This morning, we took advantage of getting to sleep in for the first time on this trip while also taking advantage of the amazing breakfast spread at the Mercure Checkpoint Charlie. It was much needed to prepare to see all the sights Berlin has to offer! Our group decided that the best way to see the whole city is via a “hop on hop off” bus that would take us around the city while allowing us to get off at sights we wanted to see. We walked to the nearest bus stop, conveniently located near our hotel at Checkpoint Charlie. Checkpoint Charlie was a U.S. guard station where people had to cross to get from the east side of the wall to the west back when the Berlin Wall was up. Now, it is an artificial post, but it’s still a popular tourist sight in Berlin.
We read some information about the Checkpoint Charlie before hopping on our bus to start the tour. The first stop was the Gendarmenmarkt, which is a large square that is surrounded by the Berlin Concerthouse, the Deutscher Dom, and the Franzosischer Dom. All of these buildings are extremely grand and gorgeous. However, due to time constraints we were only able to enter the Deutscher Dom to look inside. Once inside, we spent about an hour learning about the history of German government, including lots of information regarding the rise and fall of Hitler and also the Cold War. It’s very interesting to see the German’s perspective of that period of history and the way they present it in museums.
When we had gotten our fill of history, we hopped back on the bus to the next major stop at Alexanderplatz, one of the major city squares in Berlin. It is home to the famous world clock that shows the times of popular places all around the world in a creative circulating statue. The square is also home to a variety of department stores and shopping centers, and it was super busy. We walked through Alexanderplatz towards the oldest church in Berlin, St. Nikolai Church. We also stopped at a fountain to take pictures of the iconic TV tower, which is what I pictured when I heard we were going to Berlin. In real life, it’s not all that exciting, but we still had to get a picture with it.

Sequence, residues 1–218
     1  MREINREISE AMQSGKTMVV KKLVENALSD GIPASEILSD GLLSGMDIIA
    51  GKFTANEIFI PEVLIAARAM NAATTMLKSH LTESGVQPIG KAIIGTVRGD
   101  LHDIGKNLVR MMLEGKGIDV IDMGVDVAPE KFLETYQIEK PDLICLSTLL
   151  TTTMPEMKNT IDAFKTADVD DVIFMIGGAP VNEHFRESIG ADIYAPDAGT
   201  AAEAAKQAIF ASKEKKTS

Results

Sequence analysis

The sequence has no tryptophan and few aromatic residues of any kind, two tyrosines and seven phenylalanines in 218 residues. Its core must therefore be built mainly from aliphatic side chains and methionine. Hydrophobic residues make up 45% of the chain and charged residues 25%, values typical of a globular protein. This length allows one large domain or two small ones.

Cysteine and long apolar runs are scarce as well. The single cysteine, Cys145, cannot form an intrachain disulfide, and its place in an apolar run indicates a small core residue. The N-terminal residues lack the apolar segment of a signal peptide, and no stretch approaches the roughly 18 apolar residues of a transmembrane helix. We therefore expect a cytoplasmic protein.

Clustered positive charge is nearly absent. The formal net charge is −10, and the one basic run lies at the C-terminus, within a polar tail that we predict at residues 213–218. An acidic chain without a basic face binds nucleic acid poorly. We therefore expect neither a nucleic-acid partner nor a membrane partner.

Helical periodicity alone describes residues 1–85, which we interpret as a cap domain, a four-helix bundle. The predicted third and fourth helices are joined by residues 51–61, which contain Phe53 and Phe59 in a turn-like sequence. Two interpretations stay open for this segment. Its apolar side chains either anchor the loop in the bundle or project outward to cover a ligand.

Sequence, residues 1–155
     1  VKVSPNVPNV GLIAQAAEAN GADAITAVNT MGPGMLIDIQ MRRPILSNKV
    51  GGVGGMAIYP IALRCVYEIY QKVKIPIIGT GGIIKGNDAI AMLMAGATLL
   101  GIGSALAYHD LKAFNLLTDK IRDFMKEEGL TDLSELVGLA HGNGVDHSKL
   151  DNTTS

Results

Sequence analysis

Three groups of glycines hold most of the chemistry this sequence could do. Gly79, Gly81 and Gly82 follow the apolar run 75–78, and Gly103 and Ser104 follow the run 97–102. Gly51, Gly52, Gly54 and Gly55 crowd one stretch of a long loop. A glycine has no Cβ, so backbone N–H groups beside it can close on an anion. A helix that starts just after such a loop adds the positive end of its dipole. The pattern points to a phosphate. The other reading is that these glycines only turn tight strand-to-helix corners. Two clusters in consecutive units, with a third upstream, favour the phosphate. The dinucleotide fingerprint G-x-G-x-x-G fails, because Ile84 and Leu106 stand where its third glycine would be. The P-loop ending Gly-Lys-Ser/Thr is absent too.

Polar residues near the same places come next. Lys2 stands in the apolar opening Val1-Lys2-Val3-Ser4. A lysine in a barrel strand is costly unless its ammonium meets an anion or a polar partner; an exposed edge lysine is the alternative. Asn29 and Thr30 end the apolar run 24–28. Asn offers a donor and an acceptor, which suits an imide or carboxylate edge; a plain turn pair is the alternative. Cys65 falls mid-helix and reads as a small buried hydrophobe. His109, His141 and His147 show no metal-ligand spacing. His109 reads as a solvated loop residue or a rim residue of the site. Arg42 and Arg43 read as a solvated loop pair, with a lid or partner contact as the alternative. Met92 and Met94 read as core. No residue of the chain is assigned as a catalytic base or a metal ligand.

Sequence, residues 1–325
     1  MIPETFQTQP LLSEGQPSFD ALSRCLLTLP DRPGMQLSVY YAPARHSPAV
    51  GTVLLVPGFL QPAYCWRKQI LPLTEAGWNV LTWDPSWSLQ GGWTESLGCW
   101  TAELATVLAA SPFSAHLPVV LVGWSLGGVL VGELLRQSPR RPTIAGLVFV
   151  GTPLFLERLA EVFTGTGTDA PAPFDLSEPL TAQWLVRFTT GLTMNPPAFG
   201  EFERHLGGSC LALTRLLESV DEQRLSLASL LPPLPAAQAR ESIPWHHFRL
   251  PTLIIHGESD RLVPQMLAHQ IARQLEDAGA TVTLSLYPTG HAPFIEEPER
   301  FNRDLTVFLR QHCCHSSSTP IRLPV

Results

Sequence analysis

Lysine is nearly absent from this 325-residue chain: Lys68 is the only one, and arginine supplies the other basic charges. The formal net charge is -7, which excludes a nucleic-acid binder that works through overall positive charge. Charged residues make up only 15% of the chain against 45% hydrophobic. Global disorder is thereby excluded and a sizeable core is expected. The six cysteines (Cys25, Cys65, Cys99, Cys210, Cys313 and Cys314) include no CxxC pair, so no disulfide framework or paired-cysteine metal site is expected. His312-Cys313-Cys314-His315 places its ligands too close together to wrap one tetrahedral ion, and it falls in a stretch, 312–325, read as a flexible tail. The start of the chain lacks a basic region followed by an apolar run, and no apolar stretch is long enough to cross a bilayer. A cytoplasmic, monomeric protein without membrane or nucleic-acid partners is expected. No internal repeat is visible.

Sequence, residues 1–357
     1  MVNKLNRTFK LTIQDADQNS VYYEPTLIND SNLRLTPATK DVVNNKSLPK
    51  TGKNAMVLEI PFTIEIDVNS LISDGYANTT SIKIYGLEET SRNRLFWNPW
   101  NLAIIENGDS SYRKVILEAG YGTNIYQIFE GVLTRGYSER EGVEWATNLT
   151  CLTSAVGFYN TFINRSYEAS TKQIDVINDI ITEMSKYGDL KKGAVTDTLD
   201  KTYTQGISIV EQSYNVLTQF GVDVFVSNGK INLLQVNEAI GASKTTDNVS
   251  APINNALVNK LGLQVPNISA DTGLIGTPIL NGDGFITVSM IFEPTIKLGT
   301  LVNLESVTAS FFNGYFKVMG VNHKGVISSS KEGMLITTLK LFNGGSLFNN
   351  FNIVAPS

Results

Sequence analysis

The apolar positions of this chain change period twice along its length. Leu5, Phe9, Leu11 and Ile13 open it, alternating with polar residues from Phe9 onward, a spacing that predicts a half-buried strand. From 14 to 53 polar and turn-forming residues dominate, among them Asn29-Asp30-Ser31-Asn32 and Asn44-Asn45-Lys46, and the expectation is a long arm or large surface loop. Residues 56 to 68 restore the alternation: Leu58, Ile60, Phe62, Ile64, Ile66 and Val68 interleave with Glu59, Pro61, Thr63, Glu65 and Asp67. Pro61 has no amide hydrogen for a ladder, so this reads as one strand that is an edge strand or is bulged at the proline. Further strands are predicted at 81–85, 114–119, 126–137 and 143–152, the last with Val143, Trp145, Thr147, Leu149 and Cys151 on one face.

Our next stop on the whirlwind tour of Berlin was the Lustgarten, a beautiful square surrounded by the Pergamon museum and the Berliner Dome. Both are imposing structures that tower over this lush green square with a fountain in the middle. I have a hard time fathoming the age of many of these structures. The Berliner Dome has even survived since it was built in 1451 despite catching fire and having its windows blown out during the world wars.
We again hopped on the bus to the next main sight, the Brandenburg Gate. This gate was built in 1794 as the original gate to Berlin. During World War Two, it became famous in many photographs of Nazi parades. After the war, its closure became symbolic of the separation between east and west Berlin. It is also the sight where Kennedy gave his famous speech when he said “Icht bin ein Berliner,” meaning “I am a Berliner,” showing his sentiments to a country divided by war. I was in awe standing in the place where I’ve seen so many historical pictures taken, most over 80 years ago! Near the gate was also the Holocaust Memorial which consisted of 2,711 concrete slabs honoring the European Jews who perished during the Holocaust.